Pigeonhole Principle/Solutions

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These are the solutions to the problems related to the Pigeonhole Principle.



The Martian must pull 5 socks out of the drawer to guarantee he has a pair. In this case the pigeons are the socks he pulls out and the holes are the colors. Thus, if he pulls out 5 socks, the Pigeonhole Principle states that some two of them have the same color. Also, note that it is possible to pull out 4 socks without obtaining a pair.


Consider the residues of the elements of $S$, modulo $n$. By the Pigeonhole Principle, there exist distinct $a, b \in S$ such that $a \equiv b \pmod n$, as desired.



The maximum number of friends one person in the group can have is n-1, and the minimum is 0. If all of the members have at least one friend, then each individual can have somewhere between $1$ to $n-1$ friends; as there are $n$ individuals, by pigeonhole there must be at least two with the same number of friends. If one individual has no friends, then the remaining friends must have from $1$ to $n-2$ friends for the remaining friends not to also have no friends. By pigeonhole again, this leaves at least $1$ other person with $0$ friends.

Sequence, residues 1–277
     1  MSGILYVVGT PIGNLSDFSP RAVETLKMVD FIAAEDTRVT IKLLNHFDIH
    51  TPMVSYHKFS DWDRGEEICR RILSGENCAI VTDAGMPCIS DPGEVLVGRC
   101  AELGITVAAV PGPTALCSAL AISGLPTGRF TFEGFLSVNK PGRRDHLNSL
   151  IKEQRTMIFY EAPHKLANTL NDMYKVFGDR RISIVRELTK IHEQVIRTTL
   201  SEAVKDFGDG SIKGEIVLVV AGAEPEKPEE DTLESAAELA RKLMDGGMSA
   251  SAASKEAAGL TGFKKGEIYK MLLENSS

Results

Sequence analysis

For the difference to be a multiple of 5, the two integers must have the same remainder when divided by 5. Since there are 5 possible remainders (0-4), by the pigeonhole principle, at least two of the integers must share the same remainder. Thus, the answer is 1 (E).


Multiplying both sides by $q$, we have \[|xq - p| < \frac{1}{n}.\] Now, we wish to find a $q$ between 1 and $n$ such that $xq$ is within $\frac{1}{n}$ of some integer. Let $\{a\}$ denote the fractional part of $a$. Now, we sort the pigeons $\{x\}, \{2x\}, \hdots, \{nx\}$ into the holes $(0, 1/n)), (1/n, 2/n), \hdots, ((n - 1)/n, 1).$ If any pigeon falls into the first hole, we are done. Therefore assume otherwise; then some two pigeons $\{ix\}, \{jx\} \in (k/n, (k + 1)/n)$ for $1 \le k < n$. Assume, without loss of generality, that $j - i > 0$. Then we have that $\{(j - i)x\}$ must fall into the first or last hole, contradiction.